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As the months pass, it seems that nothing will be able to save the ailing British Conservative Party from the final coupe de grace that the forthcoming British General Election will administer. Craig Young recounts how did got this bad and how much LGBTQ+ rights have had to do with it.

In 2010, the British Conservatives seemed to have finally left behind the extremism of the Thatcher years. New Prime Minister David Cameron presided over what was stated to be a ‘modernised’ centre-right party and three years later, it enabled the passage of same-sex marriage legislation in England and Wales. Scotland and Northern Ireland followed thereafter within their devolved parliaments.  However, there were warning signs too- British disabled communities were victimised by horrific cuts to Incapacity Benefits which adversely affected employment opportunities, residential stability, accessible transport and healthcare access.

Until 2016, all seemed well and then Cameron agreed to a referendum on British membership of the European Union, an obsession of many backbench Conservative MPs. Unexpectedly, the Leave side won the referendum and Britain left the European Union. As a consequence, Cameron resigned and the Conservative Party’s troubles began.

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Theresa May became Britain’s second female Prime Minister thereafter, and made a name for herself as an authoritarian Home Secretary when it came to the right to peaceful protest, surveillance and police intervention. She also sought to reduce immigration to the United Kingdom, restricting eligibility from non-EU applicants and their families. Insofar as LGBTQI+ rights went, she had previously been opposed to civil partnerships and inclusive adoption reform but in 2010, reversed her position on those issues and proposed to examine how LGBTQI+ participation in sports could be encouraged. Unfortunately, continued party disunity over Brexit and backlash against the Cameron and May government’s punitive benefit reforms and social service cuts meant that the 2017 UK election ended with a hung parliament and resurgent UK Labour Opposition. After further instability over Brexit ensued, May resigned and was replaced by the populist Boris Johnson.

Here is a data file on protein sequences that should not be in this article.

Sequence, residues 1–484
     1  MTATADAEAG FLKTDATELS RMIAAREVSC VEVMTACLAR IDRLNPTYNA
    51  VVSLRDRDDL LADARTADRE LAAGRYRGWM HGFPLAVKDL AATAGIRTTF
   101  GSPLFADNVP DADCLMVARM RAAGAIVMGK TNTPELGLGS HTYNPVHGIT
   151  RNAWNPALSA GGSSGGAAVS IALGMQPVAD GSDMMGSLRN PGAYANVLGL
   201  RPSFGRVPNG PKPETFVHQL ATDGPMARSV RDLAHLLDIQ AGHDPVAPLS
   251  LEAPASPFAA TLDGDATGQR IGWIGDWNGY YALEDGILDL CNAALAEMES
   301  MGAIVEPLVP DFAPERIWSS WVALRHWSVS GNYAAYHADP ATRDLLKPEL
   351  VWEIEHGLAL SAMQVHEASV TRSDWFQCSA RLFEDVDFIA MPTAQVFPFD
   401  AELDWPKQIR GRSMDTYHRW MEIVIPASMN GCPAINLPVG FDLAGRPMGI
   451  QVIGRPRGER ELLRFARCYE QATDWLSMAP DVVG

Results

Johnson was a former denizen of the tabloid Daily Telegraph, editor of the centre-right Spectator magazine, obsessed with Brexit and an incurable populist. He had served two terms as a moderately popular London Mayor (2008-2016), and then as Foreign Secretary under May’s premiership. Unfortunately for the United Kingdom, he then became entangled in a series of negligent, incompetent and opportunist policy missteps during the Covid-19 pandemic, which led to increasing pressure for his resignation. The axe fell in 2022.

During his hapless tenure, Johnson began a tiresome tradition of populist anti-transgender moral panic and crusades against trans healthcare access for minors, self-identification within official documents and curtailment of anti-LGBTQI+ conversion therapy. All of those occurred here in New Zealand with minimal debate.  Disgracefully, this populist obsession became entrenched and did not cease during the shortlived premiership of Liz Truss and the tenure of the subsequent Prime Minister, Rishi Sunak.   All to no avail for the Tories, as their mismanagement of the pandemic and destructive social policies have led to heavy by-election swings against them in formerly safe constituencies. People want to hear about what the governing party intends to do about the cost of living crisis, not about the latest tiresome, vindictive  Tory attack on the dignity and human rights of trans-Britons.

On May 22, the end finally dawned in earnest. Sunak called an election that current polls, prior by-election losses and the recent council elections indicate will decimate his party. Thankfully, this may also herald the downfall of particularly doctrinaire social conservative transphobes like former Home Secretary Suella Braverman and “Equalities Minister” Kemi Badenoch, although Braverman reportedly has leadership pretensions. Parliament will now be dissolved and the election proper will occur in July.

For Winston Peters, David Seymour, Bob McCoskrie, Brian Tamaki and anyone else in the antipodes who seeks to follow the Johnson trajectory, the lesson is plain. Populist antics are no substitute for substantive policy development. Indulge at your peril… and then face the consequences.

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